Kids’ Cosmetics With Talc Would Require Asbestos-Free Verification Or Warnings Under Dingell Bill
Rep. Debbie Dingell, D-Mich., is taking another swing at legislation to require cancer warnings on talc-containing cosmetics marketed to children if they have not been determined asbestos-free via transmission electron microscopy to FDA’s satisfaction.
You may also be interested in...
The Environmental Working Group and Scientific Analytical Institute say inadequate testing of talc-containing personal-care products is to blame for findings of asbestos in cosmetics, including three of 21 powder-based cosmetics SAI analyzed at EWG’s request. They continue to push for updated testing standards that include electron microscopy as a core component.
FDA Final Report: Asbestos Detected In 17% Of Talc-Containing Cosmetics, Including Products Previously Under Suspicion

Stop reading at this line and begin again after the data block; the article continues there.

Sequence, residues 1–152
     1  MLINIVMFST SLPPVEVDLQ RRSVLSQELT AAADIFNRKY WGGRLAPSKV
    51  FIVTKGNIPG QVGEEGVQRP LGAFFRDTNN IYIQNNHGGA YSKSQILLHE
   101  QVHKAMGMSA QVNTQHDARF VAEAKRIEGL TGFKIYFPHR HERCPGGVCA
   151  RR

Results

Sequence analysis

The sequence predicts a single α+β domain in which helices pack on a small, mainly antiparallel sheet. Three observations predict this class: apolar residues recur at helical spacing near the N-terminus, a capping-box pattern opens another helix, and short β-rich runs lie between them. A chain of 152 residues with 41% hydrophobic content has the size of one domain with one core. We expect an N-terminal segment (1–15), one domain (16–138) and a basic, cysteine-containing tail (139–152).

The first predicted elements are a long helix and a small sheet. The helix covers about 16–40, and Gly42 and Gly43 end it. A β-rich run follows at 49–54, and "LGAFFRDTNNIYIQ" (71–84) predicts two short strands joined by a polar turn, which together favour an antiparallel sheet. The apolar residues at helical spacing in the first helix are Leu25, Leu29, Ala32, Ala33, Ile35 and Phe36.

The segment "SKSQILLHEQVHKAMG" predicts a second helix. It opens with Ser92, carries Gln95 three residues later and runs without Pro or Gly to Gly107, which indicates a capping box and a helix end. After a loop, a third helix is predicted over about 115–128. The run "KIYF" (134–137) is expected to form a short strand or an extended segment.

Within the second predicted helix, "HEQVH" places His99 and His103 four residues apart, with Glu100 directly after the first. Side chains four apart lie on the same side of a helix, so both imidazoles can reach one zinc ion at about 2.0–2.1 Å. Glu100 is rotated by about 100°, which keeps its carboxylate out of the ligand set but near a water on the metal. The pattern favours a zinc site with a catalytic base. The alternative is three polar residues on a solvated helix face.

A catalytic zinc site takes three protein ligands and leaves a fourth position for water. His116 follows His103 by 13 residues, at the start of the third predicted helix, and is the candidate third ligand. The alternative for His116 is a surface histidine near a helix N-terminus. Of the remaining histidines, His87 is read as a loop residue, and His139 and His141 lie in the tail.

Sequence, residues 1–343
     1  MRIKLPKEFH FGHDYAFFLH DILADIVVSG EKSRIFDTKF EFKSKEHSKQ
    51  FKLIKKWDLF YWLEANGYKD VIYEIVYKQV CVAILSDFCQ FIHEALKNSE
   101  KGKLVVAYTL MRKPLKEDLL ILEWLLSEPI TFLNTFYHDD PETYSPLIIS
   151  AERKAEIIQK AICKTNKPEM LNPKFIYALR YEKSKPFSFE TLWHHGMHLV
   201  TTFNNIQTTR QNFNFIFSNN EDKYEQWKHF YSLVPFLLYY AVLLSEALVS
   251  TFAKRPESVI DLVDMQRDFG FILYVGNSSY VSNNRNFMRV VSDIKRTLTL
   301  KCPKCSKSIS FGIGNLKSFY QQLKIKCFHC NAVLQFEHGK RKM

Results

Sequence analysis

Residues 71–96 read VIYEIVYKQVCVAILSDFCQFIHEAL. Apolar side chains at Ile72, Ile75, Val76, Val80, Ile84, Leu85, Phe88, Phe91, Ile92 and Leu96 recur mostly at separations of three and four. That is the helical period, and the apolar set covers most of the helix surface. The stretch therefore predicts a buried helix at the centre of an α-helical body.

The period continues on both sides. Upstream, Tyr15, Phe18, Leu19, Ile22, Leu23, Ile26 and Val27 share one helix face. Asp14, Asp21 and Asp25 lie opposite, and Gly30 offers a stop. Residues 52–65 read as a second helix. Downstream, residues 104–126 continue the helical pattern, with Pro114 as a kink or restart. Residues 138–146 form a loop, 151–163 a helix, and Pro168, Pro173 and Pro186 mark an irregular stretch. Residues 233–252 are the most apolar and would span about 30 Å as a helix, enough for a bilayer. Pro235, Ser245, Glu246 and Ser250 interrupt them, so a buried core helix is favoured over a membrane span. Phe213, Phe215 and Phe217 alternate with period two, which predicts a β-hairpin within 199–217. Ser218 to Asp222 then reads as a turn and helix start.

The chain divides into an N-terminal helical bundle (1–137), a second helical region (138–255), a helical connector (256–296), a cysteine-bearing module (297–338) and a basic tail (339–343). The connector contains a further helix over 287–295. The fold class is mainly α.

NGOs including the Environmental Working Group maintain that the FDA’s testing results released on 9 March, showing traces of asbestos in nine out of 52 talc-containing cosmetics, signal a need for congressional action to tighten industry oversight. The FDA says the findings are not necessarily representative of the overall marketplace, with further talc testing planned for 2020.
US House Energy and Commerce Chair Frank Pallone took note on 16 January of the Environmental Working Group’s finding of asbestos contamination in a “Princess” makeup set intended for young girls. Rep. Debbie Dingell, D-MI, will speak to the test results first, pushing her own legislation that would require asbestos testing of talc-containing children’s cosmetics in accordance with preferred methods.